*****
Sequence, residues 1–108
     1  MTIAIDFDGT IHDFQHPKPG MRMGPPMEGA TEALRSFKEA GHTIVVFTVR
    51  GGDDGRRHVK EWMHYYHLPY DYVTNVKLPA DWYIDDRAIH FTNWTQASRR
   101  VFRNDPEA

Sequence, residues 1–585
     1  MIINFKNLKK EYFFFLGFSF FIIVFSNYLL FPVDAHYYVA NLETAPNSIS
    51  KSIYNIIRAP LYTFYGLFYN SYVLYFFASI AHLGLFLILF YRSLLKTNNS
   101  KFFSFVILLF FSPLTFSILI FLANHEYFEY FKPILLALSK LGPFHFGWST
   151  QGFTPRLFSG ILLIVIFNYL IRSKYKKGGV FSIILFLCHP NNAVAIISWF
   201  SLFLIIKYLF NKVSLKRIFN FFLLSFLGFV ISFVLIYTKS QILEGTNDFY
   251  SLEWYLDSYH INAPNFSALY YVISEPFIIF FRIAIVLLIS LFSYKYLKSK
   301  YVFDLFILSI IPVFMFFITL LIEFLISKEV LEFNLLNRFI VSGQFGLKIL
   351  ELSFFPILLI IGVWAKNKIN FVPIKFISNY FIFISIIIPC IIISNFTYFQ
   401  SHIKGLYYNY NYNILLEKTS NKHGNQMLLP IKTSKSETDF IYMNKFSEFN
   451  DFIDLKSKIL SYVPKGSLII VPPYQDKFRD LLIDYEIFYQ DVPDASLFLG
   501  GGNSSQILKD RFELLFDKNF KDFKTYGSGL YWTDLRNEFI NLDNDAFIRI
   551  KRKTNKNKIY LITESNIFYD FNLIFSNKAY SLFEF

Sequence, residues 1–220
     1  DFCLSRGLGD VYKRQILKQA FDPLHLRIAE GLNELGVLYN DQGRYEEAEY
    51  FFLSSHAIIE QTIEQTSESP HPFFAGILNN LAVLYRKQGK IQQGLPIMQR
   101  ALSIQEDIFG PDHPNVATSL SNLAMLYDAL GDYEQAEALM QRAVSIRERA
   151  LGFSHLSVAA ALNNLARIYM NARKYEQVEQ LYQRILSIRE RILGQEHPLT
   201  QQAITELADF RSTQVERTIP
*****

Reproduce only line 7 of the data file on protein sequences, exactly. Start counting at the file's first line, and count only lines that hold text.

    51  KSIYNIIRAP LYTFYGLFYN SYVLYFFASI AHLGLFLILF YRSLLKTNNS